There’s no point in now telling lies: I wasn’t part of the Rachael Blackmore brains trust that advised the relatively unsuccessful amateur to turn professional at the age of 25, to try her hand at a profession which would require as much mental toughness as most other people think it requires physical resilience.
I wasn’t one of the few who spotted the talent and, being honest, until we crossed paths in her first season as a claiming professional, I only knew her as Miss R Blackmore on the racecards, riding occasionally for John “Shark” Hanlon.
She says she turned professional because she had nothing to lose, but I don’t buy that.
A young woman fresh out of college had as much to lose as she was ever likely to gain. But I guess there was the mentality and outlook that we are all seeing now.
The will to try, the belief to keep trying, the state of mind to recognise improvement will always be needed, and the ability to be self-critical, but not to the point of self-doubt, are not strengths all people possess.
Even if they sound simple, the easy things are always the hardest.
I will also freely admit I was never sure — nor am I still — that being a professional jump jockey is a trade for every female because, simply, it is not one for every male either. Winning is magnificent, but the only guarantees any jockey has is that they will lose more than they win and will hit the ground on average once in every 19 rides.
Anthony McCoy is the winning-most and losing-most National Hunt jockey of all time; Richard Johnson is second in both; I am third. One comes with the other, and you can do the maths for how many falls each of us had.
The physical pain of anything in life leaves you quickly, it is what affect it has on you mentally that will determine what course of action you take.
It is those individuals who repeatedly pick themselves up and go again that I admire most.
For me, this is where Rachael Blackmore breaks the mould.
Some of the most talented horse people in the world have been female, but in a sport where two ambulances follow you around every day, it is the sheer strength of will she has to pick herself off the floor and go again that amazes me.
There is no doubt she has ridden her way to the top of the tree, helped by the support of many, but given the opportunity to ride better horses by Gigginstown House Stud, firstly, and Henry de Bromhead, secondly, that has pushed her to where she is now.
When I was given my last champion jockey’s trophy, in 2017, I stood beside her on the podium at Punchestown as she was crowned champion conditional and even from then to now, she is unrecognisable.
Her progress in the finer details of race-riding has been on a trajectory that economists would love, but even since Honeysuckle in the 2020 Mares’ Hurdle at Cheltenham to Honeysuckle in the 2021 Champion Hurdle, Rachael has further harnessed the skills of race-riding.
Tactical awareness, judgement of pace, and conviction in her own plans led to Saturday at Aintree, where, by the time she crossed back over the Melling Road after jumping just 12 of the 30 fences in the world’s greatest steeplechase, she was singing off her own hymn sheet, situated exactly here she wanted to be, just lengths behind the leader, Jett, close to the favourite, Cloth Cap, and beside her housemate, Patrick Mullins, who was on Burrows Saint.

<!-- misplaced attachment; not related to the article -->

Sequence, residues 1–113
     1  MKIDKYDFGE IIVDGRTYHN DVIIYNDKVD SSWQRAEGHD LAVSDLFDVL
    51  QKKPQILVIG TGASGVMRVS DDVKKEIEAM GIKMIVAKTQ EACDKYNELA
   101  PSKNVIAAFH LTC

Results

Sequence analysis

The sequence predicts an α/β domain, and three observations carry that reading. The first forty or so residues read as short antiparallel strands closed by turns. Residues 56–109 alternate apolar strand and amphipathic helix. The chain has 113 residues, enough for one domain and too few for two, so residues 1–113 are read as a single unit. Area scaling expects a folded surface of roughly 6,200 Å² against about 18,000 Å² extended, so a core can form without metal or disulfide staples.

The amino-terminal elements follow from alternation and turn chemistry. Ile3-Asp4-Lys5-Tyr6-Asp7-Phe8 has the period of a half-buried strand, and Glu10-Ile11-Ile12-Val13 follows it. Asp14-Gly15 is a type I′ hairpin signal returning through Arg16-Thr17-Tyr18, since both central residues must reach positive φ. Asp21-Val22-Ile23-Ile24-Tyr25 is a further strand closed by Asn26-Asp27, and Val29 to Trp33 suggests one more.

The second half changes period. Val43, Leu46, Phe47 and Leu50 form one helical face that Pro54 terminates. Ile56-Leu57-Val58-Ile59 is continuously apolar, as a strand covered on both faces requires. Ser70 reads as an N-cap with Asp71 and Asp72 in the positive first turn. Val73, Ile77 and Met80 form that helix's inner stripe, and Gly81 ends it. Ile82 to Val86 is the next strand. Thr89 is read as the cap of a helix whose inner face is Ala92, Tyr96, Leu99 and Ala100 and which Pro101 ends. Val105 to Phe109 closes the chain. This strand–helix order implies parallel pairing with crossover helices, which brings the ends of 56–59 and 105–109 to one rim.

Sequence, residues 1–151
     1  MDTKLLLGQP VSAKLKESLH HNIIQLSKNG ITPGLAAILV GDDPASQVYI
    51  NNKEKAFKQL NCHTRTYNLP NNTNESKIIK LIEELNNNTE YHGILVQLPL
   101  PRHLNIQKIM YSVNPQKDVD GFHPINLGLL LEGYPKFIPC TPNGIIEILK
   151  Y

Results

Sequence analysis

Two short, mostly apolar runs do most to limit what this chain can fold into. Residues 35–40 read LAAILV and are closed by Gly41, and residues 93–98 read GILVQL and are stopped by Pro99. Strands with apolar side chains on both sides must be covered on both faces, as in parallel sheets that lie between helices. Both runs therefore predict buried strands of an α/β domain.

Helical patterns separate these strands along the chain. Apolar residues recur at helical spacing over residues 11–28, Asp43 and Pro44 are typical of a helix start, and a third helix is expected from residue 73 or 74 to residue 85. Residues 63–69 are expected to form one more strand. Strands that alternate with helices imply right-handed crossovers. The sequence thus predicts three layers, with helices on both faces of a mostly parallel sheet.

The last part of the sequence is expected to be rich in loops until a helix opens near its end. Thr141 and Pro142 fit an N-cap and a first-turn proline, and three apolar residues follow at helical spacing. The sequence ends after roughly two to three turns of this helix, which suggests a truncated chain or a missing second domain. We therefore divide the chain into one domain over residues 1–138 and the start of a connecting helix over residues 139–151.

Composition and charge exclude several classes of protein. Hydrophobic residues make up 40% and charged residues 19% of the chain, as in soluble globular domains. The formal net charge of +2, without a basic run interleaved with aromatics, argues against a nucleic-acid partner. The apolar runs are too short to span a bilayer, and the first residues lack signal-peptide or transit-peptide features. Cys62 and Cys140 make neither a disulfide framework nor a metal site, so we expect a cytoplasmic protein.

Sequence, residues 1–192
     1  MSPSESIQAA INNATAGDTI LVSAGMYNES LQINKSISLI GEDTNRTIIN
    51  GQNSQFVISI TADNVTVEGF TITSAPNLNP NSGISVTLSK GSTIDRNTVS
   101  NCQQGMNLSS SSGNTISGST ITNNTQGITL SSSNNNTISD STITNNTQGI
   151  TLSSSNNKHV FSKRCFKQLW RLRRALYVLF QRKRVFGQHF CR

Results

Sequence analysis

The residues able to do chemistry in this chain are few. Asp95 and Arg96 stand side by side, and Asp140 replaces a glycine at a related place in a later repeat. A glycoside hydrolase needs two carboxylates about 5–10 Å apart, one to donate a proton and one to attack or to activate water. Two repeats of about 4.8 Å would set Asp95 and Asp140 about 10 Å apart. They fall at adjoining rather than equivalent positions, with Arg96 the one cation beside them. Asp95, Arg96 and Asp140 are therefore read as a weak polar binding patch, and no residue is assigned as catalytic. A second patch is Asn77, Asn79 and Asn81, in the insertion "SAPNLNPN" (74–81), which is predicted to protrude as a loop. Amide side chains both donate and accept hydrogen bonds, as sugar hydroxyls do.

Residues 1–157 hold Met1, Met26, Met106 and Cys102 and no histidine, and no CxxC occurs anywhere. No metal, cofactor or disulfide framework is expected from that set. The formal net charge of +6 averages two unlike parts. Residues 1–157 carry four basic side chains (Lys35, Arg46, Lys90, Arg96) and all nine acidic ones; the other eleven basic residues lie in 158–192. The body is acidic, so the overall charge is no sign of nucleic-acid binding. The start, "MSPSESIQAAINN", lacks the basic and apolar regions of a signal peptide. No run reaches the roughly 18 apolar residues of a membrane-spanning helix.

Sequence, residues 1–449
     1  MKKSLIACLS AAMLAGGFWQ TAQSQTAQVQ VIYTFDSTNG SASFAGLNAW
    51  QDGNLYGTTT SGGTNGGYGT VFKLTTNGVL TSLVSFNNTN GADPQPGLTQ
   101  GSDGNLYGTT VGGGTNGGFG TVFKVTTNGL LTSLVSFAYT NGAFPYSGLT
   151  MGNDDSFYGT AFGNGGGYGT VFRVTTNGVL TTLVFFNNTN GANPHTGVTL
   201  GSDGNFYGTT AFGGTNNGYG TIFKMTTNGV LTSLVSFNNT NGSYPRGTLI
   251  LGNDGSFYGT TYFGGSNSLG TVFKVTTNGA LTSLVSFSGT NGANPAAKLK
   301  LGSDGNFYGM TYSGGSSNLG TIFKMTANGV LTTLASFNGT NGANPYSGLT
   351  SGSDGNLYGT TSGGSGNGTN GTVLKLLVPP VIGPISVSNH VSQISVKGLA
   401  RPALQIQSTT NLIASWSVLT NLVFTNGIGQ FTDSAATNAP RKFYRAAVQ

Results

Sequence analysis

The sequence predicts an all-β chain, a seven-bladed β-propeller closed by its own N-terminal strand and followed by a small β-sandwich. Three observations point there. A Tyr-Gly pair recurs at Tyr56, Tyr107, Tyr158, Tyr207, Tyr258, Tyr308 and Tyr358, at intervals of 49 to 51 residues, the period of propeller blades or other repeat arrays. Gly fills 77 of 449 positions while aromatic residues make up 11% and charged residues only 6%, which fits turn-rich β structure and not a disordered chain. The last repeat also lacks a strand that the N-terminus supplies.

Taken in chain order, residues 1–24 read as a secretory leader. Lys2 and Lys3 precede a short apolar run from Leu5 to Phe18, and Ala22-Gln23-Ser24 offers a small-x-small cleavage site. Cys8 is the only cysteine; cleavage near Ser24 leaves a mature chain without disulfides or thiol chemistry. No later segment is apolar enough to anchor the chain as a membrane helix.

From there, she negotiated her way over The Chair and set off on what must have been the most thrilling two miles of her life as, with each fence jumped thereafter, she felt the reality of winning the Grand National grow greater.
From the elbow she knew she would win. What she felt then was the excitement of a lifetime’s ambition becoming reality.
Indescribable, but what she didn’t yet feel like she had accomplished was the breaking of the highest glass ceiling in National Hunt racing.
A woman had finally ridden the winner of the Grand National.
No ordinary person, either, because whilst she undoubtedly has the physical strength, it is the mental courage of any top sports person that she has too.
I know from looking at her that physically, as I did myself, she aches at the minute when she gets a fall, but no-one outside of Rachael’s world will even notice that.
Her achievements at Cheltenham and on Saturday at Aintree have been earned whilst parking pain in some far-flung corner of her brain.
I watched her fall from Plan Of Attack at an empty Prestbury Park an hour after Allaho won the Ryanair Chase.
I stood with David Casey, watching the screens being erected around her as the medical team attended, and we both thought something was amiss. It probably was, but she got up and walked away. When you ask her how she is, her mouth utters the words “fine, thanks” but her eyes scream otherwise, and her body just carries on because that is the price of success.
Ronan O’Gara always told me that when you miss the first penalty take the second like it’s the first. Simple logic, but try it someday when you make a mistake.
Yet, when Captain Guinness ran away with her in the Arkle, she parked it and won the Champion Hurdle an hour later.
Jason The Militant dumped her far too easily in the Aintree Hurdle on Thursday and she responded by winning the Grand National. How? Why? Because she can do it all: Park physical pain, take the pressure of setbacks and defeats,and carry on delivering.
I doubt Rachael will read this, but if you do, have a look in the mirror. You are Rachael Blackmore. You are a Grand National-winning rider. But most of all, you are a brilliant jockey.